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Among men, 7.3% had a heart attack or stroke compared to 7.9% of women. Most patients had abdominal obesity; 78% of men had it compared to 90% of women. In men, that’s defined as having a waist circumference of 37.6 inches or above and 32 inches or above for women.
Men, who comprised almost three-fourths of the study’s patients, had a stronger association between heart attack and stroke and waist size. Men had a linear association compared to women who had a more "U-shaped" relationship, according to Mohammadi. That means the mid-range waist measurement was the least risky.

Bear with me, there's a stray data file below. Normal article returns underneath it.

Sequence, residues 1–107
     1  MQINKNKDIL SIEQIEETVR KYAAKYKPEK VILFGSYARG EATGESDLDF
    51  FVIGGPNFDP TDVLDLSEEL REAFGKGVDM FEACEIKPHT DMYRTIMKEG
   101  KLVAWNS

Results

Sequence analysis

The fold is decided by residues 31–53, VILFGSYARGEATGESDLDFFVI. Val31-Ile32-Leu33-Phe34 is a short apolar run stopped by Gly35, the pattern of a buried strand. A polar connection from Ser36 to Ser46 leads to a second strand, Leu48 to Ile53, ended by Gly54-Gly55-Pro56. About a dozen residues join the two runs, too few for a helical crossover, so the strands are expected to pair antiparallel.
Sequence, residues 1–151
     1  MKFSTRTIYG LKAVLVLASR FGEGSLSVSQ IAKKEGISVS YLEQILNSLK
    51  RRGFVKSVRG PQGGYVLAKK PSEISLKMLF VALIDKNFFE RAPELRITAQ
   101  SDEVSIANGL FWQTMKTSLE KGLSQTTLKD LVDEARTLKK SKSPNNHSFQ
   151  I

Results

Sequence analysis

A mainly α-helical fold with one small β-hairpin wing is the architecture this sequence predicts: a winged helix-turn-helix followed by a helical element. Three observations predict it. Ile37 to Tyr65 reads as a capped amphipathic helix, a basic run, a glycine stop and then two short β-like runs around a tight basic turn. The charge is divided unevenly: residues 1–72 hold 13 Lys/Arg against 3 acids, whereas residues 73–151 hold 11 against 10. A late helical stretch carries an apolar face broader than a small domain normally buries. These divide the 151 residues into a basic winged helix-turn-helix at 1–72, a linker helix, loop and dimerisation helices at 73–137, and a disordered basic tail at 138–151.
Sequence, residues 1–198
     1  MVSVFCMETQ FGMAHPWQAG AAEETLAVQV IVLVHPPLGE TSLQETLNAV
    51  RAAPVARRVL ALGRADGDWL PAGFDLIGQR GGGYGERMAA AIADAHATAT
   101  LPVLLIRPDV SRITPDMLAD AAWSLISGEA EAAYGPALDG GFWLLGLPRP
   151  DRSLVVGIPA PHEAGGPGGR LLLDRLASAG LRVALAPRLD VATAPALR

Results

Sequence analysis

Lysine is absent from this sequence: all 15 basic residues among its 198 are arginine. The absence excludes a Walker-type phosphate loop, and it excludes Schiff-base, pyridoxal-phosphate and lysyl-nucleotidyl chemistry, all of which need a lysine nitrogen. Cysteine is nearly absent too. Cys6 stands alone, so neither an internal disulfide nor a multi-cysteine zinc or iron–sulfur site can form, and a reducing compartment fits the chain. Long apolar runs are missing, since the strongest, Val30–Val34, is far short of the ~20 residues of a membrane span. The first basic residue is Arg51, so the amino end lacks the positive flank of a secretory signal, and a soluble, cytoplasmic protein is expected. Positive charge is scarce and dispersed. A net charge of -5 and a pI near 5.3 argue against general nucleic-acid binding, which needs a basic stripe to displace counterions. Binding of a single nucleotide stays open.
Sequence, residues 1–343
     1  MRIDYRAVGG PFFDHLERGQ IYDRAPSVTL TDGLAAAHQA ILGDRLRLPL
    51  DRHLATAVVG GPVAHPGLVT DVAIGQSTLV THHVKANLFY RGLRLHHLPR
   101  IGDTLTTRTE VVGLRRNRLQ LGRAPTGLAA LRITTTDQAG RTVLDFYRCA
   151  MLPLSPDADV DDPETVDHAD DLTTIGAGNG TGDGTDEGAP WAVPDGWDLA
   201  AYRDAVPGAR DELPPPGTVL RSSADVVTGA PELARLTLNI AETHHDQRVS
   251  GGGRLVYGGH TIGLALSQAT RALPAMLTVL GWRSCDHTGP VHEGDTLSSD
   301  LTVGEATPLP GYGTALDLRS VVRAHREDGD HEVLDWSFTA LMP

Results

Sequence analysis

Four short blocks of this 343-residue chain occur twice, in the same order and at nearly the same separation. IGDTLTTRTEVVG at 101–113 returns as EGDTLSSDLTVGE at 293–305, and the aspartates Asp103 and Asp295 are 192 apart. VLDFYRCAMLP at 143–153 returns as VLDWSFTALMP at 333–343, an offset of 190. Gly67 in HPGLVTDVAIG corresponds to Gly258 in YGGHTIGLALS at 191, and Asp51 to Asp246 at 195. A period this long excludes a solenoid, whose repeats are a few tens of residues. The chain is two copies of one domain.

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Researchers also found that regardless of smoking, diabetes, body mass index and other risk factors, belly fat had links to heart attacks and stroke. They stressed that the size of a person’s waist mattered more than weight when determining the risk of such events and advised them to measure patient’s waist size.
The findings follow a study published last year that showed women who have a 35-inch waist are more at risk for heart disease and cancer.